Ubuntu Unity is dead

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formerly prdlm2009

06 Apr 2017, 17:57

So I'm sure some of you have heard the news, but Mark Shuttleworth decided to ditch the Unity interface for GNOME with the next Ubuntu LTS release. Unity is dead. Long live Unity.

https://insights.ubuntu.com/2017/04/05/ ... nvergence/


07 Apr 2017, 17:48

Good riddance.

User avatar
formerly prdlm2009

07 Apr 2017, 20:53

davkol wrote: Good riddance.
But convergence!

Actually, a smart business decision to focus on the things that work rather than hope that Apple and Android addicts will adopt to a different platform.


07 Apr 2017, 21:40

This is about NIH syndrome and lack of cooperation with upstream communities. Now, the problem is that GNOME and their stack (incl. Wayland and what not) isn't all that great either. Some of the most vocal GNOME guys are concerned about keeping their brand image pure more than anything else.

User avatar

08 Apr 2017, 00:43

Thank goodness. I hated Unity.


08 Apr 2017, 01:03

Unity is the reason why I did not upgrade my Ubuntu system for years.
But Gnome 3 is not an improvement either. Cinnamon or Mate are the only reasonable options.
Last edited by Findecanor on 08 Apr 2017, 14:38, edited 2 times in total.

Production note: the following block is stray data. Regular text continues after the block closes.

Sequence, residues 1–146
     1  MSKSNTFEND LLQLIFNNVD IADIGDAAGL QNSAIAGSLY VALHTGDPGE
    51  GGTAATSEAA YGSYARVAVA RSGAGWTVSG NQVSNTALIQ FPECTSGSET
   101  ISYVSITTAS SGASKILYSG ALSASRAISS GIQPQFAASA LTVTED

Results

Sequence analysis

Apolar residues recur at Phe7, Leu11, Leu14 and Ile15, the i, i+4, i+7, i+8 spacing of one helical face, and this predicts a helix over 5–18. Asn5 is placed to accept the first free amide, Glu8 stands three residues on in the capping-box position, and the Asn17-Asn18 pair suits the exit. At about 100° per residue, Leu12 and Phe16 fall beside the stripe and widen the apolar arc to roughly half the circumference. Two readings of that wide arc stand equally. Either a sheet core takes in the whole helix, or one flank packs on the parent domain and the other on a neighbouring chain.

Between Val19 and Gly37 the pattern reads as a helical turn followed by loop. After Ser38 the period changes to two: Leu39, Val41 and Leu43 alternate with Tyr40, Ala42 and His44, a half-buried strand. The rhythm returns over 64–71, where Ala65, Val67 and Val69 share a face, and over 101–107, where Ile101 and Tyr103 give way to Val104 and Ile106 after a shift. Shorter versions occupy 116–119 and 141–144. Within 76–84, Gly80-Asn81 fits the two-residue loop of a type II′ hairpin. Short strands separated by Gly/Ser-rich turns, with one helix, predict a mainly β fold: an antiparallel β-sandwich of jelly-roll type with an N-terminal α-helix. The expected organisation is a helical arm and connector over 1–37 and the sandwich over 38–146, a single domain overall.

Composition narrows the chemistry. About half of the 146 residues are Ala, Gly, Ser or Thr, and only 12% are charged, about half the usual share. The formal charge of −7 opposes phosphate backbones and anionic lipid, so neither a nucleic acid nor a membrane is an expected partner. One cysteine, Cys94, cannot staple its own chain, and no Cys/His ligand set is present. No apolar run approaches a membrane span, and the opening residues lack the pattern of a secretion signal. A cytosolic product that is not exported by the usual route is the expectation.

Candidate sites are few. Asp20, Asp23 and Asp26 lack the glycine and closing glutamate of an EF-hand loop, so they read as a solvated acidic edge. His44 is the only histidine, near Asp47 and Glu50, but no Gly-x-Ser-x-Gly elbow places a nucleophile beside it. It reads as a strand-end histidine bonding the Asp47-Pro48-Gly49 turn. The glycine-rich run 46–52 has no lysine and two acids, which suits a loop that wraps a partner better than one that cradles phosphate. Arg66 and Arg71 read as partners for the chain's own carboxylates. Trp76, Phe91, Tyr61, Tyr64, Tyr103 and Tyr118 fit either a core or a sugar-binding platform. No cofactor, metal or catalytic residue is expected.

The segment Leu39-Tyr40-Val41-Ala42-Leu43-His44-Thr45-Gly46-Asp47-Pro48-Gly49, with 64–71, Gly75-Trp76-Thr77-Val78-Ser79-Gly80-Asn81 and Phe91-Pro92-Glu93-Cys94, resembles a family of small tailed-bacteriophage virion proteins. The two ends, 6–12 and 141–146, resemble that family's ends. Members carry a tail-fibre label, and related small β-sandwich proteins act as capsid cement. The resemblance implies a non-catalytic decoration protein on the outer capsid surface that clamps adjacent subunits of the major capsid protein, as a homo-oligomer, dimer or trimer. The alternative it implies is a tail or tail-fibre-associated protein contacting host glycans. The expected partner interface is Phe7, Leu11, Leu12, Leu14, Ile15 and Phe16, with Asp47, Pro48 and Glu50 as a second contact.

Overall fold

08 Apr 2017, 13:54

Wait people used unity ? Why would anyone use anything other than i3 ?

let's go

08 Apr 2017, 14:06

andrewjoy wrote: Wait people used unity ? Why would anyone use anything other than i3 ?
That's the point. I never understood that neither.

Anyway, does it really matter about Unity? I've always been able to apt-get install whatever wm/DE I wanted.


08 Apr 2017, 14:17

I prefer Mint (Cinnamon WM), I think Unity is what spawned Linux Mint in the first place. I used xmonad+arch in college but grew tired of modifying my configs all the time

User avatar
formerly prdlm2009

08 Apr 2017, 15:56

Unity was there for mass adoption and convergence with mobile devices, it was never going to satisfy nerds like us. Considering that Linux Mint has become more popular than Ubuntu Unity, probably because it is a lot more familiar and usable for the average user, I don't think it really matters. I don't anticipate thousands of users banging on the doors of Canonical, demanding that Unity stays alive.

By the way, GNOME is the most useful for touchscreens, if anyone tries to use Linux with a touchscreen.

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